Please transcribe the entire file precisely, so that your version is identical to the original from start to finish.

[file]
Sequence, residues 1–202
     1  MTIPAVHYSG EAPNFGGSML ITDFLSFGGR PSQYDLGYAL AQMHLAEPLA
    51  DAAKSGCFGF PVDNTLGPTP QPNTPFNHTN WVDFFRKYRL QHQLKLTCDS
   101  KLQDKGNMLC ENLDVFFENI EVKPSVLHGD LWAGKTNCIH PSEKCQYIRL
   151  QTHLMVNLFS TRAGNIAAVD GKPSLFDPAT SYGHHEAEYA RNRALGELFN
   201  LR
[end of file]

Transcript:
Sequence, residues 1–202
     1  MTIPAVHYSG EAPNFGGSML ITDFLSFGGR PSQYDLGYAL AQMHLAEPLA
    51  DAAKSGCFGF PVDNTLGPTP QPNTPFNHTN WVDFFRKYRL QHQLKLTCDS
   101  KLQDKGNMLC ENLDVFFENI EVKPSVLHGD LWAGKTNCIH PSEKCQYIRL
   151  QTHLMVNLFS TRAGNIAAVD GKPSLFDPAT SYGHHEAEYA RNRALGELFN
   201  LR